At home workouts. I've never been a fan of them - I LOVE group fitness classes, feeding off the energy of others and listening to loud music. But since that can't happen right now, I'm watching online fitness videos from my bedroom. Lots of my friends are fitness or yoga teachers and have taken to doing online stuff, so it's fun to support them and still get my workouts in. In fact, I've worked out every day this week when I normally only workout 4x a week.

If you're looking for amazing FREE at home workout vids, my personal friend and Pilates studio owner is putting 5, 10 and 20 minute versions of her studio work outs, which are some of my fave workouts! Click here to check it out.

Running my second Instagram account, Uncomplicatedlifeblogoils! It's taking off so fast, and the community there is full of amazing people. I've never much enjoyed IG - it always felt so fake to me. People following to get followed, commenting to drive up their own engagement... But this account is full of people who are interested in learning, building community and supporting each other as we grow our healthiest lives together. It's really been a joy. If you're interested in learning about more natural practices in your life, go follow! You're welcome there with us, even if you're a newbie.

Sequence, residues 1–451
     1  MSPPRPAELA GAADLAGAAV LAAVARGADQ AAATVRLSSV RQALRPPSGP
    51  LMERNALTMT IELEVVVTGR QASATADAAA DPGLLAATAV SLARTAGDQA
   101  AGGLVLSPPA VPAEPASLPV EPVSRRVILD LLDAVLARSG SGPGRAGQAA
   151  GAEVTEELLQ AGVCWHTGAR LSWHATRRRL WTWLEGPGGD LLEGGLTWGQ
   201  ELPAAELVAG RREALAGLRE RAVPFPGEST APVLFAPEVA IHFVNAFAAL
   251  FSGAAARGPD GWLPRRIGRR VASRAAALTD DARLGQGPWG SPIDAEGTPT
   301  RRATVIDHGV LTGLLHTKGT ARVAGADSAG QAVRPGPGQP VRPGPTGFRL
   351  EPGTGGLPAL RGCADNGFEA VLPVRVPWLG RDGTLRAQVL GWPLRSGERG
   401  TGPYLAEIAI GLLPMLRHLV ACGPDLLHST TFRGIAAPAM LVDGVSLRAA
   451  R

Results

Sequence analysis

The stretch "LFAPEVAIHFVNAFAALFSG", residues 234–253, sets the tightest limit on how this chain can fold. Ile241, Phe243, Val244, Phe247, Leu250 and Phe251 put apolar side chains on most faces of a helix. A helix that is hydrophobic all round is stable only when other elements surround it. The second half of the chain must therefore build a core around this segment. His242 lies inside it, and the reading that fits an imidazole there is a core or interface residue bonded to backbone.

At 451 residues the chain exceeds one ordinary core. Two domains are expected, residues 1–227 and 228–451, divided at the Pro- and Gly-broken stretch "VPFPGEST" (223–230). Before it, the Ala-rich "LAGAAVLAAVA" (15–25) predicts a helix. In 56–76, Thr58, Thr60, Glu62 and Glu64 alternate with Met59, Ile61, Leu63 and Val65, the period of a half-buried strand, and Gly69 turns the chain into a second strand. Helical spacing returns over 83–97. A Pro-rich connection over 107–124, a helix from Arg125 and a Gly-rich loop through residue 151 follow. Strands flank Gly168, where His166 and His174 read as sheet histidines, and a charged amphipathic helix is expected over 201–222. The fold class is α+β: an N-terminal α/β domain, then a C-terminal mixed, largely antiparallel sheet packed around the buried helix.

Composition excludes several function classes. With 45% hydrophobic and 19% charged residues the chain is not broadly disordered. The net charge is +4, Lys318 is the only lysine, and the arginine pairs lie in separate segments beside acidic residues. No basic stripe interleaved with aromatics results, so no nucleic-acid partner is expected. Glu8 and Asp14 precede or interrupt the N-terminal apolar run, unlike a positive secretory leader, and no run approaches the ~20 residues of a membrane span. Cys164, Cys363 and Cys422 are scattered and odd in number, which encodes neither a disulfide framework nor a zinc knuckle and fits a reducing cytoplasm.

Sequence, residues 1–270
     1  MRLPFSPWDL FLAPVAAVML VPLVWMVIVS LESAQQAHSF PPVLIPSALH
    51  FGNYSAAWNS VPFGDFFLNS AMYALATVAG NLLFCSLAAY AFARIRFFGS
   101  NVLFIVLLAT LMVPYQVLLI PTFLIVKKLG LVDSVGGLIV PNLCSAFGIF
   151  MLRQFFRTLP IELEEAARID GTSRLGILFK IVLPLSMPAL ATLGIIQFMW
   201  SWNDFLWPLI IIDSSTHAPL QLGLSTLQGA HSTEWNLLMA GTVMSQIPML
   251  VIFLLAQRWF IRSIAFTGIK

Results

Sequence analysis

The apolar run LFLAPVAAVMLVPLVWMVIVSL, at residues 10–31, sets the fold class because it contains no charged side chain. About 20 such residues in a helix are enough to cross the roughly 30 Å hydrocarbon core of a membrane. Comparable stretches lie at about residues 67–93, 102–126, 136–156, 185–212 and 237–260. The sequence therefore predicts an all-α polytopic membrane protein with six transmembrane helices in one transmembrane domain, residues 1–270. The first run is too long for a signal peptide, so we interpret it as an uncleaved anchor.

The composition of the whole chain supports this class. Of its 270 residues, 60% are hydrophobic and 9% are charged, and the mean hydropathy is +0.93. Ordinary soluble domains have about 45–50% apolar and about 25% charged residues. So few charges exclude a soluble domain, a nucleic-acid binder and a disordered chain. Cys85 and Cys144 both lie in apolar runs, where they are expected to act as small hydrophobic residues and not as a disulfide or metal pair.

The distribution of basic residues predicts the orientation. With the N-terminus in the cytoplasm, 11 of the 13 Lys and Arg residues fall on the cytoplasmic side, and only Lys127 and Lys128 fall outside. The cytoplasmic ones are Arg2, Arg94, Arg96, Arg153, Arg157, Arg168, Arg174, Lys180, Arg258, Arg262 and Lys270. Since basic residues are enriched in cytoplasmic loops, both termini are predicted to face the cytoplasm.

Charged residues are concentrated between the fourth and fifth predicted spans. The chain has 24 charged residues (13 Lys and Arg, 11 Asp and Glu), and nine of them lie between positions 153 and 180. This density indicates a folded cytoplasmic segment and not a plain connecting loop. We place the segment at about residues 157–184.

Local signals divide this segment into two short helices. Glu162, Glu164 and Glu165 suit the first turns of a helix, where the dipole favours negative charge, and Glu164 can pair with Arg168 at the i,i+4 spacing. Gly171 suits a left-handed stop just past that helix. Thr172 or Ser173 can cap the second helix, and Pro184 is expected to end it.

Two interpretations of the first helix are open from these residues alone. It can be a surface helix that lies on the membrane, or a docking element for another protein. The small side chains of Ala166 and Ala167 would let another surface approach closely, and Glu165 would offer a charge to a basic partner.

I do a series on MLM oil comparisons, do themed posts like "skincare" and "ways to de-stress" and all sorts of other stuff - even non-oily stuff. Come follow along!

Pinterest. Overnight, they marked my website as spam and I went from my normal page views per day to a few hundred to it's lowest point - 78. A whole 78 page views a day! I died. I knew immediately it was Pinterest traffic but I thought they had changed the algorithm on me and I hadn't adapted fast enough. Then a whole week later (embarrassingly enough, yes it took me a whole week to realize this) I found out my whole site was blocked as spam on Pinterest. This can happen by accident when Pinterest cleans out spam accounts - regularly, "good" accounts get cleared with them. Like mine did. And it completely ruined my page views AND my affiliate sales AND my ad sales for the month. Fun times, the life of a blogger.